“The lego is fantastic but it takes me ages to do. I put pegs in holes, as well. It is simple dexterity, good for the hands.”
It is, to put it simply, like being a child all over again.
“I can walk, but the balance isn’t great. I try my best to go for a walk every day, but even after a small walk, I’d be absolutely shattered.
“Everything takes serious concentration. For my dinner, I can’t cut stuff so it literally has to be shovelled into my mouth. I can grab a fork or spoon, but don’t have full control of it. I can get it from the bowl into my mouth, but that takes serious focus. I can grab a sandwich and put it into my mouth, but there is no real control there either. I’d be shaky. It is very strange.”
Socks and pants aren’t an issue. Jumpers and t-shirts, though, mean a call for help to whoever is in the house. The same applies to washing.
It was only recently he was able to stick a key in the door again. Even at that, there’s still a fair bit of fumbling. Changing the channels on the remote control is another job.
“I have to be looking at the remote control to know what buttons exactly I’m pressing or to know that I’m pressing the button. It is the simple stuff you take for granted that now takes a huge amount of concentration and effort.”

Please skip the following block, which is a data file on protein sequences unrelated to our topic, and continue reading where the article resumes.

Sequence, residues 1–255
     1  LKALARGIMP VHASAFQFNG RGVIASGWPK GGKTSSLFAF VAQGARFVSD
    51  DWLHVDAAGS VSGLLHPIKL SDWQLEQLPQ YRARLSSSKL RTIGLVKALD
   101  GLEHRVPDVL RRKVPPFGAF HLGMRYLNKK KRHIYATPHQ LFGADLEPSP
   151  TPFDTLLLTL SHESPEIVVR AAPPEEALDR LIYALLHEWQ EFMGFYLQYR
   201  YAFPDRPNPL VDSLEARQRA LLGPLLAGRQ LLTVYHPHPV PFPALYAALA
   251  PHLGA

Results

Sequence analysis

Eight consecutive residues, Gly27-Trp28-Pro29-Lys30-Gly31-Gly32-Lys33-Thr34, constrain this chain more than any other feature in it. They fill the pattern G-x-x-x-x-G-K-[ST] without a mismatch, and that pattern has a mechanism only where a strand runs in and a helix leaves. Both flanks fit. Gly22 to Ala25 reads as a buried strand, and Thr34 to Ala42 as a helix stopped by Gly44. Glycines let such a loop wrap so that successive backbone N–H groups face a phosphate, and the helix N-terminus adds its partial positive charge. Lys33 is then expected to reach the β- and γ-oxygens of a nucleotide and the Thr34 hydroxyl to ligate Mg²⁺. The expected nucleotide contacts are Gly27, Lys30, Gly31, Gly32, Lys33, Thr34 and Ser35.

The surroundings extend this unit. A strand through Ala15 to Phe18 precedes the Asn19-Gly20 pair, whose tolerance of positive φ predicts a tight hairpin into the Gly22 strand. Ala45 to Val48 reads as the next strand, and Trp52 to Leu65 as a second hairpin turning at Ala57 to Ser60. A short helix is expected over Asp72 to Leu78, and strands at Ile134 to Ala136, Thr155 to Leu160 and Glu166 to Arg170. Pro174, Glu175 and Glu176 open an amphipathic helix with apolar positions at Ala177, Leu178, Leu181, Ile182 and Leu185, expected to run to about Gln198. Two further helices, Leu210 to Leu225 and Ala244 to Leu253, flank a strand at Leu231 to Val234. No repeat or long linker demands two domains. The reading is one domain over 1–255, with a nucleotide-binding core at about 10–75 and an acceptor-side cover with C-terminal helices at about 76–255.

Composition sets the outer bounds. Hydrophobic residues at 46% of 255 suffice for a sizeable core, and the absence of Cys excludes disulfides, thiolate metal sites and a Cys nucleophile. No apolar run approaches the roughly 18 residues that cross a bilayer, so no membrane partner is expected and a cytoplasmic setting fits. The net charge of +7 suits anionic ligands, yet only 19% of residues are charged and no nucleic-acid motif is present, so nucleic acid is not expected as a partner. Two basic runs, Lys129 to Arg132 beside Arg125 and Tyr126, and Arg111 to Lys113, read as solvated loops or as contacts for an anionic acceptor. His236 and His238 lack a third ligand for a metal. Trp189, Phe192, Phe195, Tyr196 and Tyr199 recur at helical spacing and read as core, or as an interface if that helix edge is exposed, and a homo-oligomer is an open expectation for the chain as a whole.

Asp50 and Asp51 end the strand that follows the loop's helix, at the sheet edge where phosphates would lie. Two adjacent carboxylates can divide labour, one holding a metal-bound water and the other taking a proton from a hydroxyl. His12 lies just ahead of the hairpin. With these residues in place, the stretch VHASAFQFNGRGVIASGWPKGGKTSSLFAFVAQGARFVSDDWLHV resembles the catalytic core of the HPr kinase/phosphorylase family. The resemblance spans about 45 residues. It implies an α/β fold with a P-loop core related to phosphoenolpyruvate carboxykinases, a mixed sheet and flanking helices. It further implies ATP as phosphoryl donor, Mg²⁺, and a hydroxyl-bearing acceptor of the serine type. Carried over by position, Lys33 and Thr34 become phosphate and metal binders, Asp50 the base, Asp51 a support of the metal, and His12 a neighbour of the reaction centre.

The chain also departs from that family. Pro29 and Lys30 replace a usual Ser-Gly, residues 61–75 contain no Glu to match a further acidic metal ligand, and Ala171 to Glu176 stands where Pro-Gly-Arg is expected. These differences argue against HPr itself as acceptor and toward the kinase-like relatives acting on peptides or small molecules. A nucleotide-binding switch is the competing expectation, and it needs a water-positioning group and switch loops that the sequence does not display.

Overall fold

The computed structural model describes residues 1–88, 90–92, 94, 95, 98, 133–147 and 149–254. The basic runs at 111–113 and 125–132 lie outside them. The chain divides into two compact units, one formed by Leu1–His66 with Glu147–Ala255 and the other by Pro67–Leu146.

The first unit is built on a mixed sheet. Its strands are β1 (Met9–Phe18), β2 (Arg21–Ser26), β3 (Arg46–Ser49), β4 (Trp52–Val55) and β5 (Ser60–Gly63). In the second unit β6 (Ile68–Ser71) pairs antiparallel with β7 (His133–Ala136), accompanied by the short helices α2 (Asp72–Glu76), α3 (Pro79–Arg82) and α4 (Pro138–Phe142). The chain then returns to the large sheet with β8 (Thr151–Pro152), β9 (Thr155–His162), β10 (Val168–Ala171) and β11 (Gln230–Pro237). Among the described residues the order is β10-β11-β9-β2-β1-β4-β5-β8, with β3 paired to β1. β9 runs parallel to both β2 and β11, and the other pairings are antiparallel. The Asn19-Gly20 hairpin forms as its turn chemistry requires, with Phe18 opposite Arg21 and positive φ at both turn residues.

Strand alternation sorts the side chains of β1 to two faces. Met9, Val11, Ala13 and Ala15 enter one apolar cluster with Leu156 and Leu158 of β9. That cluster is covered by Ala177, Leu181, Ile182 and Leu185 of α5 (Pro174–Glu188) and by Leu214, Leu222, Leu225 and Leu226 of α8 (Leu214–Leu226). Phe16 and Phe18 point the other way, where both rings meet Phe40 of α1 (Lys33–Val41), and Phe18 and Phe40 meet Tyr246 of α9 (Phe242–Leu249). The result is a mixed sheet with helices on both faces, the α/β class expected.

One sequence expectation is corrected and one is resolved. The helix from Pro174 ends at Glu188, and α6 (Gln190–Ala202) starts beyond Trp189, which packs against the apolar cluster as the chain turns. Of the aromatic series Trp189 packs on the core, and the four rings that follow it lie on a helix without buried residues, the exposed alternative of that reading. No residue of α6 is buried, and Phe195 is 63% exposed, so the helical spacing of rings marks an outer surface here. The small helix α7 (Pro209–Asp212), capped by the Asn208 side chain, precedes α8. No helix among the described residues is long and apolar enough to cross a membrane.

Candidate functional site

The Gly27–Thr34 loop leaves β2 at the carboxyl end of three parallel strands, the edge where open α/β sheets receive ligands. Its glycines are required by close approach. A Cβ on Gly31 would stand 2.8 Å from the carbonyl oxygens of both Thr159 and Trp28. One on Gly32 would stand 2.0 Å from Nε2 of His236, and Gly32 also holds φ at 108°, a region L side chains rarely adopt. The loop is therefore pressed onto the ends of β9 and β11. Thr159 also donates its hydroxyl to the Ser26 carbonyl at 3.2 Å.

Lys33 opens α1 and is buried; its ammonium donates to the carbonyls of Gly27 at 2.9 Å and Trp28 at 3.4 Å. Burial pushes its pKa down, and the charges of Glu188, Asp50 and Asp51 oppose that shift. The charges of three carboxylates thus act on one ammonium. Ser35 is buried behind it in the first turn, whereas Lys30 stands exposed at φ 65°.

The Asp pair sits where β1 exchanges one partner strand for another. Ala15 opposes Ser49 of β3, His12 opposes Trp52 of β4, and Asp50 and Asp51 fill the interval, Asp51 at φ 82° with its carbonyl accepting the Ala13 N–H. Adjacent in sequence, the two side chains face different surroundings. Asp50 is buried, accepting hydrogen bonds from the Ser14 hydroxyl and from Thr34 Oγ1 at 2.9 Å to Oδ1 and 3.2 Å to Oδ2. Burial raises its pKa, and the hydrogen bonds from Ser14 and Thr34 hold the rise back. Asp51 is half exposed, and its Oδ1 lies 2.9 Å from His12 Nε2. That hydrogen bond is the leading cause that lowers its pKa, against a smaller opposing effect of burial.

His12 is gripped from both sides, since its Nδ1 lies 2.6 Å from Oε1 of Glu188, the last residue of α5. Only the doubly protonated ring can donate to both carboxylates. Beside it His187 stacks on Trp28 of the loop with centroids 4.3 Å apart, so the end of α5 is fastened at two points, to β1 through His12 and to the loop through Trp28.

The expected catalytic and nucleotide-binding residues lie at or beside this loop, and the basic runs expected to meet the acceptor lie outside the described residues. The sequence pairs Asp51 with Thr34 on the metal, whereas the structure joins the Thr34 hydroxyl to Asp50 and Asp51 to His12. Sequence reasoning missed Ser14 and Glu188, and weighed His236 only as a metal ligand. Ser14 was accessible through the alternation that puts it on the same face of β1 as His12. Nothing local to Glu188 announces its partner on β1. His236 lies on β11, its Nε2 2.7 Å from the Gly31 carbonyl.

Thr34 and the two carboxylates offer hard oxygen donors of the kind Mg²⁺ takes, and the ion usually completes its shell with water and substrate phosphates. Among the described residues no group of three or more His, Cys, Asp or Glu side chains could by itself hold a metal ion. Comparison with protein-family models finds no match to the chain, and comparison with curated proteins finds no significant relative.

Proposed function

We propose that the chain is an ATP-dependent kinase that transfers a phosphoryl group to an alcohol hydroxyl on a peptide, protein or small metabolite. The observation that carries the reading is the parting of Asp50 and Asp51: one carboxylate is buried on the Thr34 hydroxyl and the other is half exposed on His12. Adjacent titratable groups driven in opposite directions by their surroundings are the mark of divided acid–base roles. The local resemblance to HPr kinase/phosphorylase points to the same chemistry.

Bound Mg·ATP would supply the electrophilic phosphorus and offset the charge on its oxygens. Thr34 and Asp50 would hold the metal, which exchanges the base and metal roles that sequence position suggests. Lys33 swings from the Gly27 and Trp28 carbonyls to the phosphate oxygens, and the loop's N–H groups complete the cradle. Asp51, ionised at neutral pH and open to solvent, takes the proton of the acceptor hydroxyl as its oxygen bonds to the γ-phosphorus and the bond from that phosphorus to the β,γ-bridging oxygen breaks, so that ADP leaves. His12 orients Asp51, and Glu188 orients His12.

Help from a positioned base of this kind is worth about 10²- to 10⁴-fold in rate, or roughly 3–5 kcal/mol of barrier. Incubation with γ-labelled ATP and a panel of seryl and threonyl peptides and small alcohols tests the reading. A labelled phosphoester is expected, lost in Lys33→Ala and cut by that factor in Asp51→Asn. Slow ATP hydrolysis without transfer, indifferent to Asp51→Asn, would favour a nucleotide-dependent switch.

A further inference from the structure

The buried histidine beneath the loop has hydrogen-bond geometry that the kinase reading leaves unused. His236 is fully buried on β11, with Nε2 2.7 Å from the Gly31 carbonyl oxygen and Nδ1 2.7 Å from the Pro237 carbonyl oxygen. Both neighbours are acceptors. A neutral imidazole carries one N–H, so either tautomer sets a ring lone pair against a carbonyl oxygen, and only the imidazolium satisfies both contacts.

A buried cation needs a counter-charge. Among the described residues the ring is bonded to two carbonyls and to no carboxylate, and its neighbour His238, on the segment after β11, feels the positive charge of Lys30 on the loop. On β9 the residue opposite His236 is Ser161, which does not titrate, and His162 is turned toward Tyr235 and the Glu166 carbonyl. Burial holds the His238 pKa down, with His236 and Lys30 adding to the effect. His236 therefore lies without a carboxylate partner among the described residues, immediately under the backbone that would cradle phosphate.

What of his football career?
It’s not over. By the same token, there’s no guarantee it’ll resume either.
He went down to watch Nemo play a challenge last Saturday morning, but hasn’t been back to Trabeg since. He knows better than to be standing out in the November cold.
Heavily wrapped in the back of the ambulance, the thought went through his head, ‘is [football] worth this’?
That attitude gradually wore off and it was when he stood on the sideline last Saturday he realised how much he missed the banter and how much he misses pulling on the shirt.
“There is a chance you might not have a full recovery. I would be fairly positive that I will get out playing again, but the doctors and physio staff can’t guarantee anything. It is a waiting game to see if I make it back. It is a cliche but I have to take it day-by-day.
“It is gutting to be missing a Munster semi-final tomorrow. That said, I do get lots of reality checks when I manage to do something simple around the house. I know it could have been a hell of a lot worse. I’m extremely grateful it wasn’t. I’m thankful and lucky to be able to pick up the phone and talk to you. I got a buzz from having control of the glass of water. If I do get back, hopefully, that would be brilliant.
“At the moment, it is the small things. The small victories.”
This article first appeared in today’s Irish Examiner.